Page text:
Scots stocks and shares ISA sales drop 17%

New data from financial mutual Scottish Friendly reveals that the number of new stocks and shares ISA policies opened by adults in Scotland fell 17% year-on-year in the three months to December 2022.

Sales in the run-up to Christmas were significantly lower than the previous year and the value of these new policies among Scottish customers also fell.

New policy values were down by 16% between the final quarter of 2021 and Q4 2022, reaching their lowest level since Q3 2020.

In contrast to sales of adult stocks and shares ISA policies, JISA (Junior Individual Savings Account) policy sales in Scotland continue to rise steadily. In the final three months of last year, they were up 8% on Q4 2021.

However, despite buoyant sales, the value of new JISA policies in Scotland has been trending downwards since Q4 2021 – dropping 42% over the past year.

Scottish Friendly savings specialist Kevin Brown said: “The latest findings suggest that households in Scotland have pared-back their savings and investments in the run-up to Christmas, as they focus on providing for their family over the festive period.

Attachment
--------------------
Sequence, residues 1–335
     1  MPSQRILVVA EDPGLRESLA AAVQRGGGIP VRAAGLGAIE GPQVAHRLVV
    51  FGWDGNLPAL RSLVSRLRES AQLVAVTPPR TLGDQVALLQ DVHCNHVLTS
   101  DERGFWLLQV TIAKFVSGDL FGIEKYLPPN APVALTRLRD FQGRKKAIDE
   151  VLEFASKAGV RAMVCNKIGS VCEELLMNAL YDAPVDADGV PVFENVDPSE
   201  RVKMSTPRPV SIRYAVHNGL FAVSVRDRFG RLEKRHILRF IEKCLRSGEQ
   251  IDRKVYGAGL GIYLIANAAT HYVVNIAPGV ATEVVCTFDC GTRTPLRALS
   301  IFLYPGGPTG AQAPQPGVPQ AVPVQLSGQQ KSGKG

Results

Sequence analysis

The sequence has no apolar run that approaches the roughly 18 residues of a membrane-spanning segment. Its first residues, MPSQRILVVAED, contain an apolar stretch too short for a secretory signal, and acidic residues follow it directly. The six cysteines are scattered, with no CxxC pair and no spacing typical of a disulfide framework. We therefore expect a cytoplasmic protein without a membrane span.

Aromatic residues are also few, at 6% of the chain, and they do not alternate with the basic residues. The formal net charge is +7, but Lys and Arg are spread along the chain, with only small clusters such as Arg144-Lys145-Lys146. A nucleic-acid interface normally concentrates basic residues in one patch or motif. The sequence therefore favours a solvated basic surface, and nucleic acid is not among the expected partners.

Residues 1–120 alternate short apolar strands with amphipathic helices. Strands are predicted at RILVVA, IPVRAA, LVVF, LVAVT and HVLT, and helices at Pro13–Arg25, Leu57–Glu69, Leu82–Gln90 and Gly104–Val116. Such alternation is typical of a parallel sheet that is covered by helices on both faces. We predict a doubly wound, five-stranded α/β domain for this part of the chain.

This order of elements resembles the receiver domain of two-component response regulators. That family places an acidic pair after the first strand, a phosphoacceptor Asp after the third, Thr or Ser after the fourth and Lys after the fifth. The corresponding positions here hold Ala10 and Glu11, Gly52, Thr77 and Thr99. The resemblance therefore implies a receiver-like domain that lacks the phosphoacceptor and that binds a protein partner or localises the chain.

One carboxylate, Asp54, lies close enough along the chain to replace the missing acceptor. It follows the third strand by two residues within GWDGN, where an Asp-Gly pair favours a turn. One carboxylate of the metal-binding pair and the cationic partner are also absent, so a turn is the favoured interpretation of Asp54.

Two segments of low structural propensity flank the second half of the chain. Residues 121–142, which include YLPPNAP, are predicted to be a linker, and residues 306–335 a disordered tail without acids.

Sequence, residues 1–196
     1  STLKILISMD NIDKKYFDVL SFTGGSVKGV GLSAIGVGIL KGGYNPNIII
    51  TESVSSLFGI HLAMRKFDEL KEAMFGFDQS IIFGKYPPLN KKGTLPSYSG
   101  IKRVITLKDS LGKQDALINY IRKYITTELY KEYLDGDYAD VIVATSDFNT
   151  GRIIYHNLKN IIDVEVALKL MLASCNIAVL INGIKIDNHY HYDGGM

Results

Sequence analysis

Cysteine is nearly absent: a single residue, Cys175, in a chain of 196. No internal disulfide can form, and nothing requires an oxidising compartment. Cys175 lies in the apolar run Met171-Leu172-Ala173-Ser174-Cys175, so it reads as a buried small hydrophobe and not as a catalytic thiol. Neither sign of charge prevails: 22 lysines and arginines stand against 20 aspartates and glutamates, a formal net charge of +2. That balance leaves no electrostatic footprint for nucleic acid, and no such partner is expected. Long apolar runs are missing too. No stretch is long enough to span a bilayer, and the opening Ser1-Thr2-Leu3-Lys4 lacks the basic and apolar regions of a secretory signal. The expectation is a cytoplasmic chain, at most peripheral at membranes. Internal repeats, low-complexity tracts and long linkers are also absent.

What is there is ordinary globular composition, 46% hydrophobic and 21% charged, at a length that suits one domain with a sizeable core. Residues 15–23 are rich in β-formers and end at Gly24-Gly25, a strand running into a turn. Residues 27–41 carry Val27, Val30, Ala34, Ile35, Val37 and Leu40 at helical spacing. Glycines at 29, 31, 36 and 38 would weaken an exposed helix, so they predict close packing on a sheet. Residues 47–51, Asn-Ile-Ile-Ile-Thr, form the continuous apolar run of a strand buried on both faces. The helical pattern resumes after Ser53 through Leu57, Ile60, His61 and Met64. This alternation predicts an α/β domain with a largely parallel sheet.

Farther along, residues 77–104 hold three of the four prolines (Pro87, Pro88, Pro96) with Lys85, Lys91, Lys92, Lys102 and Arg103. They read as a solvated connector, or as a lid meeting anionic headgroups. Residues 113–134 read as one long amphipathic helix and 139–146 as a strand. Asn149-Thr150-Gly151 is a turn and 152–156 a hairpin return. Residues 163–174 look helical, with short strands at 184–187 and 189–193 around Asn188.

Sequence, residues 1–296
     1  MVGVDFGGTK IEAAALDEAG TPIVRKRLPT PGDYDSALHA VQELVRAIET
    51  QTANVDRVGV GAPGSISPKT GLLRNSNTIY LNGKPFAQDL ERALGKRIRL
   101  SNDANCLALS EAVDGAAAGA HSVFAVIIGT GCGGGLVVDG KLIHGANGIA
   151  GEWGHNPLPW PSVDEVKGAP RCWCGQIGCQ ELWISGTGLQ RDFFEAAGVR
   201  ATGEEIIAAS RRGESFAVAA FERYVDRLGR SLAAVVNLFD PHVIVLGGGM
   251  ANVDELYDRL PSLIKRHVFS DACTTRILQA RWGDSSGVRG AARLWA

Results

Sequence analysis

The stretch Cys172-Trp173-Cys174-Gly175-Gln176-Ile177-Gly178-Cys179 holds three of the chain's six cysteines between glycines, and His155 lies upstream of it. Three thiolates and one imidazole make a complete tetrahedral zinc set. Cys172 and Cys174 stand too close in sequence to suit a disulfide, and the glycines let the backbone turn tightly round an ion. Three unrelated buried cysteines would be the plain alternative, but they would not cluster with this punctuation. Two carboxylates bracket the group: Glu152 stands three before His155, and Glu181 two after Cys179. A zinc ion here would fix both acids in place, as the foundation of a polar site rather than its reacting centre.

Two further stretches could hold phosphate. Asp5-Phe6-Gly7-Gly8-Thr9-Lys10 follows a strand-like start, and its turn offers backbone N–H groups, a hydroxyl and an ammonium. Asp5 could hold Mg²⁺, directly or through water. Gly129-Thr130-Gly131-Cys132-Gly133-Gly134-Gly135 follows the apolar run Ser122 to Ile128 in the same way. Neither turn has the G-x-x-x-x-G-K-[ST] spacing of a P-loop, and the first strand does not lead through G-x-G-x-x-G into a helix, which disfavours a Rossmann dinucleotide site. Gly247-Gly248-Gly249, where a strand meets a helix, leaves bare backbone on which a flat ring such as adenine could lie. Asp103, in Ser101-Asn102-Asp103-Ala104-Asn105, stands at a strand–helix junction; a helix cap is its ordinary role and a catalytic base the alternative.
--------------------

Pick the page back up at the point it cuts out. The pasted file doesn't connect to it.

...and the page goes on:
“At this time of year, it’s not unusual to see a drop-off in investment activity. However, there has been a relatively big decline compared with the previous year.

“It is difficult to know what 2023 has in store for households and their finances, but it is likely that the first six months of the year will present some significant challenges.

“Inflation and the cost of living remains a factor impacting people’s ability to save in the short-term, but as inflation begins to come down over 2023 then disposable incomes should come under a little less pressure.

“At that point we expect people to turn from focusing on meeting short-term challenges to looking towards the longer term with their money.

“Our data shows many people have started to factor long-term savings into their financial planning over the past four years and that can only be a good thing.

“The strong performance of Junior ISA investments is also testament to that.

“Our numbers show many adults are still committing to opening new policies for their children.

“Although cash savings rates are beginning to slowly improve with interest rates on the rise, parents in particular seem to recognise the long-term potential of investing towards their children’s future.”